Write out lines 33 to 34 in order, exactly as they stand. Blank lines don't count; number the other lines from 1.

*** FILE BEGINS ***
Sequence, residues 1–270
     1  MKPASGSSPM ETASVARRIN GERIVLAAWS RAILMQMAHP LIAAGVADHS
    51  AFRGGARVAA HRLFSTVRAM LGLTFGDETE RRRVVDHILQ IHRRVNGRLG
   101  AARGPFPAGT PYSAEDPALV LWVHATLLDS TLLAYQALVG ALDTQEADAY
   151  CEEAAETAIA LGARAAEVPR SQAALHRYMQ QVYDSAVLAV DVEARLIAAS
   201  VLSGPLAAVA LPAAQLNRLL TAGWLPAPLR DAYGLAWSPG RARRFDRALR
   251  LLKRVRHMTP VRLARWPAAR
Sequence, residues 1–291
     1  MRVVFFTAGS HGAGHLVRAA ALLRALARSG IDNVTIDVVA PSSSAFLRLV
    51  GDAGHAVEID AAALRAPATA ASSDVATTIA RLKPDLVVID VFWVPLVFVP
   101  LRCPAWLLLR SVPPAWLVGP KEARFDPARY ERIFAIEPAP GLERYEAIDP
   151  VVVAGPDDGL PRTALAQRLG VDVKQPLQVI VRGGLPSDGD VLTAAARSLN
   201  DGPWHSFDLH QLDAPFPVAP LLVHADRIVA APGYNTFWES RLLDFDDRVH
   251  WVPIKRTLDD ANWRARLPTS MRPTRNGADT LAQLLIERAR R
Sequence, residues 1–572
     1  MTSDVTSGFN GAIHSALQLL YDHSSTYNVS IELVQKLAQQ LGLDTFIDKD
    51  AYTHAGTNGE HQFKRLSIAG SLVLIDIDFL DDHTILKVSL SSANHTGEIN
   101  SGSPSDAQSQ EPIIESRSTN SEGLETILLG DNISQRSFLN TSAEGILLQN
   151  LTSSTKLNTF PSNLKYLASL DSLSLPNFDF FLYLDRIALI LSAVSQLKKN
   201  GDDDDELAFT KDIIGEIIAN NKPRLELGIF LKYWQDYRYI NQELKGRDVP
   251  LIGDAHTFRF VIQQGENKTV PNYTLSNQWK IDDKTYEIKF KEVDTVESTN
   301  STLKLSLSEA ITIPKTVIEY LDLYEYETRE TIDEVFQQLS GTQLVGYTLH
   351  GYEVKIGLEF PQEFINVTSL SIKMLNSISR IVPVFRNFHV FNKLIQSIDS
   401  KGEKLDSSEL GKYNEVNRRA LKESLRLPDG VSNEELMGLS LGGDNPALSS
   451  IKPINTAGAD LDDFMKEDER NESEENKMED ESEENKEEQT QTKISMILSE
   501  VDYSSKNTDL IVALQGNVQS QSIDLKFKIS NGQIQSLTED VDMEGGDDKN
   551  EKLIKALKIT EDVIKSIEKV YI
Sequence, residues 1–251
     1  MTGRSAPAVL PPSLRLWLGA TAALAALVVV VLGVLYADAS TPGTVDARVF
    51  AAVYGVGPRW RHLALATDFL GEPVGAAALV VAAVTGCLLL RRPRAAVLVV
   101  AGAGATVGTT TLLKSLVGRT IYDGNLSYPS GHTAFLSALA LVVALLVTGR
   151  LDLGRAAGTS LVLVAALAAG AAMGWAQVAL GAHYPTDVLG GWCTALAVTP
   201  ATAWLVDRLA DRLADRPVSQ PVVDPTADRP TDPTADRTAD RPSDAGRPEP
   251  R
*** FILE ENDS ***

   201  ATAWLVDRLA DRLADRPVSQ PVVDPTADRP TDPTADRTAD RPSDAGRPEP
   251  R